Matched MeSH terms: Fatty Acids/analysis
  19. Ping BTY, Idris CAC, Maurad ZA
    J Oleo Sci, 2020 Oct 07;69(10):1209-1218.
    PMID: 32908090 DOI: 10.5650/jos.ess20045
    Refined red palm olein (RPOo) is the first cooking oil that is a pro-Vitamin A source due to its high carotenoid concentration. The quality specifications from the manufacturers are usually applied to freshly produced oil. However, there is currently no information regarding the oxidative stability and phytonutrient content (Vitamin E and Carotene) for RPOo after prolonged storage time. The objective then is to study the effect of two local storage conditions and storage period(s) on the oxidative stability of RPOo. In this study, peroxide value (PV), p-anisidine value (AnV), induction period (IP), free fatty acid (FFA), and Vitamin E content were determined periodically for twelve months under local storage conditions (supermarket and kitchen). Carotene content, however, was determined only at initial and at the 12th month of storage time periods. It was found that there was an overall progressive but slow increase in PV and p-AnV. For PV, the storage effects were inconsistent. However, the effects were significant (p < 0.01) on the AnV throughout storage. At the end of the 12-months, for both storage conditions, the PV < 10 meq O2 g-1, the AnV < 10, the FFA < 0.2 % (palmitic acid), with a 30% drop in the total Vitamin E, and carotenoids content showed no significant drop (p < 0.01). The PV and AnV were also within Codex Alimentarius' recommended limits. Finally, the oxidative parameters showed that RPOo remains stable after year storage under the two simulated local storage conditions (the aforementioned supermarket and kitchen).
    Matched MeSH terms: Fatty Acids/analysis
  20. Ali MA, Islam MA, Othman NH, Noor AM, Ibrahim M
    Acta Sci Pol Technol Aliment, 2020 1 14;18(4):427-438.
    PMID: 31930793 DOI: 10.17306/J.AFS.0694
    BACKGROUND: Rice bran oil (RBO) contains significant amounts of micronutrients (oryzanol, tocotrienol, tocopherol, phytosterols etc.) that impart a high resistance to thermal oxidation of the oil. The high oxidative stability of RBO can make it a preferred oil to improve the oxidative and flavor stabilities of other oils rich in PUFAs. In this study, the changes in the oxidative status and fatty acid composition in soybean oil (SO) blended with RBO under extreme thermal conditions were evaluated.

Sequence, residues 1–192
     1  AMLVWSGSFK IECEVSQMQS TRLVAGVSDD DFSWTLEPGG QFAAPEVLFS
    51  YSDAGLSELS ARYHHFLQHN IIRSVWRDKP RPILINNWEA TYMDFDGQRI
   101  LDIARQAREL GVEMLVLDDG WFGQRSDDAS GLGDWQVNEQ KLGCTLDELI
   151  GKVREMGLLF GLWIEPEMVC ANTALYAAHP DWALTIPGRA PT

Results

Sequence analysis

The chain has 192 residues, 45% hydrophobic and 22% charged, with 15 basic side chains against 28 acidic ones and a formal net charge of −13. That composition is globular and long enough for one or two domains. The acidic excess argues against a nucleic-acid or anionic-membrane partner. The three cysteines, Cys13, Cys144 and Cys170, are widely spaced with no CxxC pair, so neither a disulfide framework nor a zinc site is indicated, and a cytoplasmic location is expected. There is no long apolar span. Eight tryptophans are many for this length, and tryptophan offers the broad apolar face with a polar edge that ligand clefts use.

METHODS: The blends were prepared in a volume ratio of 10:90, 20:80, 40:60, and 60:40 (RBO:SO). The changes in the oxidative parameters and fatty acid composition of the samples during heating at frying temperature (170°C) were determined using analytical and instrumental methods. Oxidative alteration was also monitored by recording FTIR spectra of oil samples.

    RESULTS: The increase in oxidative parameters (free fatty acid, color, specific extinctions, peroxide value, p-anisidine value, and thiobarbituric acid value) was greater in pure SO as compared to RBO or blend oils during heating. This indicates that the SO samples incorporated with RBO have the least degradation, while pure SO has the highest. Blending resulted in a lower level of polyunsaturated fatty acids (PUFA)  with       a higher level of saturated fatty acids (SFA) and monounsaturated fatty acids (MUFA). During heating, the relative content of PUFA decreased and that of SFA increased. However, the presence of RBO in SO slowed down the oxidative deterioration of PUFA. In FTIR, the peak intensities in SO were markedly changed in comparison with blend oils during heating. The reduction in the formation of oxidative products in SO during thermal treatment increased as the concentration of the RBO in SO increased; however, the levels of the protective effect of RBO did not increase steadily with an increase in its concentration.

    CONCLUSIONS: During thermal treatment, the generation of hydroperoxides, their degradation and formation of secondary oxidative products as evaluated by oxidative indices, fatty acids and IR absorbances were lower in blend oils compared to pure SO. In conclusion, RBO can significantly retard the process of lipid peroxidation in SO during heating at frying temperature.

    Matched MeSH terms: Fatty Acids/analysis*